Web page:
Daily Gains Letter

leverage


Bears Becoming Bulls En Masse as Optimism Rises

By for Daily Gains Letter | Jan 15, 2014

Bears Becoming BullsIncreasing optimism is dangerous for key stock indices. Sadly, this is exactly what we’re seeing in the markets right now. It is very evident wherever you look. Stock advisors are saying, “Just buy stocks, and you will do alright.” Investors feel good about stocks. Those who were bearish on the key stock indices since the crash in 2008 and 2009 are also turning bullish—the bears are declining in numbers each week; it’s becoming especially difficult for them to keep their pessimistic stance these days.

One of the key economic indicators that I follow when looking at the optimism in key stock indices is called the Chicago Board Options Exchange (CBOE) total options put/call ratio.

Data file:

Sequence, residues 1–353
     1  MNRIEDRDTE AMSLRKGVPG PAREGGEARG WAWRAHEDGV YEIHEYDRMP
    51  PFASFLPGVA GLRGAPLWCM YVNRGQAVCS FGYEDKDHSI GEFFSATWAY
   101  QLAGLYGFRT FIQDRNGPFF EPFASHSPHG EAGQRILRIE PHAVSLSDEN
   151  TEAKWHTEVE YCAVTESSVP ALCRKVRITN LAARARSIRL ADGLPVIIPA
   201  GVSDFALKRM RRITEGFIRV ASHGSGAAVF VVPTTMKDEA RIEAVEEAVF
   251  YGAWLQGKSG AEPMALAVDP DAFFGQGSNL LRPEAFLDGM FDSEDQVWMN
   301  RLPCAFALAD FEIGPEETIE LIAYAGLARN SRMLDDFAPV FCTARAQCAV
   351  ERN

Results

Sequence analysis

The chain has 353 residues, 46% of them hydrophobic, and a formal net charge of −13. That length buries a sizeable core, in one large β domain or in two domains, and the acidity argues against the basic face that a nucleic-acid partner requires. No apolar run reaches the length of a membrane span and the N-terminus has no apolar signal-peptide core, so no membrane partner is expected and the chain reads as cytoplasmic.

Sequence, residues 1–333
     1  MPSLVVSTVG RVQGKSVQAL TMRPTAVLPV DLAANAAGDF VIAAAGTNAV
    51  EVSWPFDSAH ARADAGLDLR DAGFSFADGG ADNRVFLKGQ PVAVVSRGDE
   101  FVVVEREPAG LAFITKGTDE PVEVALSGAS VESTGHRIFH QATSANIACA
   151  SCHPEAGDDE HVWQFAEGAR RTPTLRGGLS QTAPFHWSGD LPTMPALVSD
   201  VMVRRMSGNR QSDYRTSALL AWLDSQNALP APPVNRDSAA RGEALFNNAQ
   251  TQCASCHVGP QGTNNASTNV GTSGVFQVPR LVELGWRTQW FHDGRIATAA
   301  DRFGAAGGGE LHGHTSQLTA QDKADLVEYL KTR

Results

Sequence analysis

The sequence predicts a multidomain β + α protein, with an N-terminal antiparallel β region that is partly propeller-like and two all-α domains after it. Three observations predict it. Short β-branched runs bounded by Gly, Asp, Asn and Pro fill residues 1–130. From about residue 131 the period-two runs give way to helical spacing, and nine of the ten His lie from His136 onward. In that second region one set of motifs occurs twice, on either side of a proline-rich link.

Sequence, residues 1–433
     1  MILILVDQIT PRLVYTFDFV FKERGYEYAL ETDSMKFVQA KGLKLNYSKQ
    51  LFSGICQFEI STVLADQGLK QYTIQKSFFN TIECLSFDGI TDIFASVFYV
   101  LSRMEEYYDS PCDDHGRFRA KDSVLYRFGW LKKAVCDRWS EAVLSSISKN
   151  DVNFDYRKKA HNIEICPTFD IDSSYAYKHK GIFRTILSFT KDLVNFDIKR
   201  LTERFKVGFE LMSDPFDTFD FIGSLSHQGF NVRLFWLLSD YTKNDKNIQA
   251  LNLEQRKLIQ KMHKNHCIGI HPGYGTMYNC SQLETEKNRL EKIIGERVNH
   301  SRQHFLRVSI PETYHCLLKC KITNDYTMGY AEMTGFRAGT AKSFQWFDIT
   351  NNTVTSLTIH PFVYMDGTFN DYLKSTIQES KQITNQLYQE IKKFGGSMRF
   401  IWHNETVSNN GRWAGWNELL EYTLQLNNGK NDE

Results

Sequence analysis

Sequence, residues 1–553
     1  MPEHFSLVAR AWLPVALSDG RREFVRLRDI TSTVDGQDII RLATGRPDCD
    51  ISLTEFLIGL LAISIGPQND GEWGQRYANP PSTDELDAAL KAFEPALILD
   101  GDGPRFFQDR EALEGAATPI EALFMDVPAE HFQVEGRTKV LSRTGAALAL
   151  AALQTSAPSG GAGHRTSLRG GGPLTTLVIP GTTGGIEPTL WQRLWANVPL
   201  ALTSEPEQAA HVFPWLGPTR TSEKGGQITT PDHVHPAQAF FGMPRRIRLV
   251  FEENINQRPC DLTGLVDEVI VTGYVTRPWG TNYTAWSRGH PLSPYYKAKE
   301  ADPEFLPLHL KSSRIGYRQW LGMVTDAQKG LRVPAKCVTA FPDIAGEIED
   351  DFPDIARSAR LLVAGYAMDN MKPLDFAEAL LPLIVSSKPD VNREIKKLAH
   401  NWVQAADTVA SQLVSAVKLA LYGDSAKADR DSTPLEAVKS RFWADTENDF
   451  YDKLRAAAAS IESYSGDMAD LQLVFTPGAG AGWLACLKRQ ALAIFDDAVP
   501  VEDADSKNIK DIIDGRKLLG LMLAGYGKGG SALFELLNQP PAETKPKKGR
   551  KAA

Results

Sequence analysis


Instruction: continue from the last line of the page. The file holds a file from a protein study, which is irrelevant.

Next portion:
This indicator, at the very core, shows the ratio of volume of puts and call options. When there are more call options, this ratio stands below one. When there are more put options than call options, the ratio stays above one. Currently, this ratio stands at 0.6—a level last seen in 2011. Since at least 2007, this ratio of call options to put options has reached this level only a handful of times, as you can see in the chart below.

CBOE Options Put-Call Ratio Chart

Chart courtesy of www.StockCharts.com

When call options increase, it means investors are bullish towards the key stock indices. When the put options increase, it means investors believe the key stock indices will experience pressures ahead. The current put/call ratio suggests investors are not worried.

Another indicator I look at to assess the optimism on key stock indices is margin debt—the amount of stock purchased on borrowed money. When margin debt is high, this shows that … Read More